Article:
Judges share insider tips to improve chances of winning a Northern Marketing Award

Josh Peachey's picture

With less than a month to go before the Northern Marketing Awards (NMAs) entry deadline, judges have revealed how you can improve your chances of winning an award.

A number of the judges have kindly shared their personal advice, along with some useful tips for how to improve your award submission. 

Last week, we took a closer look at the eight topical new categories added to this year’s awards. You can see all the award categories open for entry here.

With the NMAs ceremony set to take place on November 4th at The Point, Lancashire County Cricket Club, award entries need to be submitted before Friday, September 4th.

Let's find out what the judges had to say...

Alex Hamilton, Head of PR and Social at One Brand Magic

"Pay close attention to the information you're submitting, the judges look for clear, tangible and meaningful results, it may be the most creative and strategic campaign you've ever produced, but without the results to back it up, you're not likely to score very highly. 

"Make sure that your agency or brand personality shines through. That's not to say that every entry needs to be creatively copywritten, but it needs to be relatable and exciting to read.

"The judges are made from a panel of passionate marketing professionals who will happily go on the journey you take them on."

 

Gareth Healey, Marketing Agency Mentor at Beyond Noise

"Here are my top six tips for agencies to think about when entering awards, handily constructed as a D-E-S-I-R-E acronym:

"DEMONSTRATE clear objectives. If you can’t clearly outline measurable objectives then consider whether it is right to enter this award. It’s the first thing judges will look for and evaluate you on.

"ENTER the right award. Sounds obvious, but it can be tempting to enter the category you want to win, not the most appropriate category and one that you CAN win. If your entry doesn’t really fit within the category you select, it will be plainly obvious to the judges when assessing your entry against the competition.

"SUMMARISE the strategy and output clearly and concisely. Don’t make the judges try and piece things together. They might want to, but they won’t have time. It might mean your entry doesn’t get the recognition it deserves.

"INCLUDE additional information (if you are allowed). However, remember to keep it brief, easy to follow and impactful. A short video is better than 4 or 5 pages of still images and copy.

"RESULTS and the return on investment achieved are critical (not optional) and must exceed the objectives. Indeed, like the objectives themselves, if you cannot clearly demonstrate the results and ROI, consider whether you should be entering at all.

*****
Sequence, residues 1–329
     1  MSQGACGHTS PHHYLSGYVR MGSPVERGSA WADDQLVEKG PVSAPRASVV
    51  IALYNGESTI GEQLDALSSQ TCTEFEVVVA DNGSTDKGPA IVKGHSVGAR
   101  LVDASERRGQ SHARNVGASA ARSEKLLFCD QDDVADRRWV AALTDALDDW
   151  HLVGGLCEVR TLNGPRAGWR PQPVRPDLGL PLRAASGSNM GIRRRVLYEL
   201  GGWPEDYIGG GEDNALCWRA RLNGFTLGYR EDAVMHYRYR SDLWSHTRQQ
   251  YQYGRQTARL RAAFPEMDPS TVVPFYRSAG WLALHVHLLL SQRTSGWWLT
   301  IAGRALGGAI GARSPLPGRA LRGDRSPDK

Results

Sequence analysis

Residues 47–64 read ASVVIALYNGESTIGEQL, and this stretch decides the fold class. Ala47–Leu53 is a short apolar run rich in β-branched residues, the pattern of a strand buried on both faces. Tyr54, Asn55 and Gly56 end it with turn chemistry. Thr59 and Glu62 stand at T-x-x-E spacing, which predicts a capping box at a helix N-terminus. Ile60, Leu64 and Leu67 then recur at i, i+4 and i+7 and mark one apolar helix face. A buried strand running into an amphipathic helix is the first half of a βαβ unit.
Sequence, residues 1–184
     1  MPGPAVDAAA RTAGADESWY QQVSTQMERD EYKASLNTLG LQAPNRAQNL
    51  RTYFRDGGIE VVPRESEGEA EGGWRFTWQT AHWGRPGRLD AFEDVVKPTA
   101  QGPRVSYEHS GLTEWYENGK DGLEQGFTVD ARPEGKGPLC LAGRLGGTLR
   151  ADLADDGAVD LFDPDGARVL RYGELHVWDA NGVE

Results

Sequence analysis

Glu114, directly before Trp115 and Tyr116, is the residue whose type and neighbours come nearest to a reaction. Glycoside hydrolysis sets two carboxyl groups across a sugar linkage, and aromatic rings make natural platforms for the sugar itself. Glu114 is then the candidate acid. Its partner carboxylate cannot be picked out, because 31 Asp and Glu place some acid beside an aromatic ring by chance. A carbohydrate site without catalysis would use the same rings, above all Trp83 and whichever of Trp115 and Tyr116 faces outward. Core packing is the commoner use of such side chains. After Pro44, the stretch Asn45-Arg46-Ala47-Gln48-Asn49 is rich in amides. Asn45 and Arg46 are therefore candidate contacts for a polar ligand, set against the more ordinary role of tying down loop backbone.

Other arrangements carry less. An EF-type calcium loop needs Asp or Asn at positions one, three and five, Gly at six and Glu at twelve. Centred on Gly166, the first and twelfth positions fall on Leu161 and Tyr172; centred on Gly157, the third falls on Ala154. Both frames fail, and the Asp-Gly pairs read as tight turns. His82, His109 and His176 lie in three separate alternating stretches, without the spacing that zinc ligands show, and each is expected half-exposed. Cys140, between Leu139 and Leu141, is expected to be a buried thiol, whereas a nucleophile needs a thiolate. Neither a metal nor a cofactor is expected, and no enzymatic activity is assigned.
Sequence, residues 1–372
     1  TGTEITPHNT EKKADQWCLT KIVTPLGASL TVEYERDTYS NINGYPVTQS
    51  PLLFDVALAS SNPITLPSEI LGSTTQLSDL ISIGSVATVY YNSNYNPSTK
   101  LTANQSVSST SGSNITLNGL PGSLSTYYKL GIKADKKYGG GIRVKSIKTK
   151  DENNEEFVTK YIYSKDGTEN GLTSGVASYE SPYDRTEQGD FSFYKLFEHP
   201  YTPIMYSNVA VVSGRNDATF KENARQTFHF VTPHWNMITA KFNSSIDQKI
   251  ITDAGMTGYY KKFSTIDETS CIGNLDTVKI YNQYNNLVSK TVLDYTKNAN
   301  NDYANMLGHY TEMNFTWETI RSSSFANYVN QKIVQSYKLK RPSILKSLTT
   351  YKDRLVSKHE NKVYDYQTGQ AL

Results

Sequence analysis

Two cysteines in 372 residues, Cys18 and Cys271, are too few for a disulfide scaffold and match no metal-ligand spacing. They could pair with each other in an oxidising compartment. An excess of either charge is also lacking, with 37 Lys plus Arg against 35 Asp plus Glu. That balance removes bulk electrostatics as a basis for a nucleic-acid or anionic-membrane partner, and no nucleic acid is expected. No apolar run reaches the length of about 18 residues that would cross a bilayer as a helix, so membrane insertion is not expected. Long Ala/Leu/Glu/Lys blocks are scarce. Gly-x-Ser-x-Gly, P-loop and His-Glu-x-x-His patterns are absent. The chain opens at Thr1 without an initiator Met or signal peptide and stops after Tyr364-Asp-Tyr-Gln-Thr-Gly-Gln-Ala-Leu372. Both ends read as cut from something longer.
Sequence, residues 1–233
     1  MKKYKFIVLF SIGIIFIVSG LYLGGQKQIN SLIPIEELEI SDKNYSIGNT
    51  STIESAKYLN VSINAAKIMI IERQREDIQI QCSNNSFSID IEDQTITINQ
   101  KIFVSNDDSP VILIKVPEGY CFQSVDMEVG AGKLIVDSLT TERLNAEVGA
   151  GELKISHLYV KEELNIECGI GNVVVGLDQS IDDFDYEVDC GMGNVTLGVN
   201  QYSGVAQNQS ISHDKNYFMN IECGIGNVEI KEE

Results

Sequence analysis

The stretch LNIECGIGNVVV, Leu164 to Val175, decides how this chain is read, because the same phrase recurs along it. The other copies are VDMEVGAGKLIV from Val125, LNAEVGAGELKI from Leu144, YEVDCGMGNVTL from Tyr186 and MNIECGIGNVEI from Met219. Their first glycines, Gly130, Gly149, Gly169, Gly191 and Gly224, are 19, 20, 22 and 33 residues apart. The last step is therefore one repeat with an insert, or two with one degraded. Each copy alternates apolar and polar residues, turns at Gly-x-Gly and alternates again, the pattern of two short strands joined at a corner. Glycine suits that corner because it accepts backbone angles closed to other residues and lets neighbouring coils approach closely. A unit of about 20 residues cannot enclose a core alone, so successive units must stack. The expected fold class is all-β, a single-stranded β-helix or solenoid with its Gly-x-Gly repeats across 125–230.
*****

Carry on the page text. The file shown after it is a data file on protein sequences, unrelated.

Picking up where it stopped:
"EVERY award is a pitch. It's an opportunity to sell your work and agency.  Just because you can’t stand in front of people with a slide deck, doesn’t mean the award submission doesn’t need to “sell”. Indeed, it means it needs to work even harder. If given the opportunity to explain “why you should win”, do just that. Pitch your entry to the judges (don’t just write a sentence or two or add a client quote)."

 

Stuart Clarke, Co-founder and Festival Director for Leeds Digital Festival

"Answer the question! It’s easy to get carried away with all that you love about your business, but your submission has to relate to the specific questions for the category you’ve entered. When you make a statement, ask yourself ‘how is this relevant to the question in particular and the category overall?’

"Provide evidence and examples. A statement like ‘we’ve taken on new staff’ is not nearly as powerful as ‘we’ve created X new jobs in the last 12 months, with plans for a further X in the next year’ or ‘we’ve increased staff numbers by X%’.

"Use your word-count wisely. If the limit is 500 words, a 100-word paragraph isn’t going to give anywhere near enough detail for the judges to make a decision. It also suggests you can’t be bothered to put the time and effort in, which will go against you. In reality, it’s often harder to keep within limits, so give yourself plenty of time to edit your submission down - ideally a couple of days. This can really help you to ensure that your answers are succinct and to the point.

"Judges have to read a lot of submissions, in addition to their busy day jobs, so make it interesting, engaging, and concise."

 

There are also sponsorship opportunities available for companies looking to further their presence both at the unforgettable awards ceremony and on the online reports. Click here to download the 2020-2021 sponsorship pack.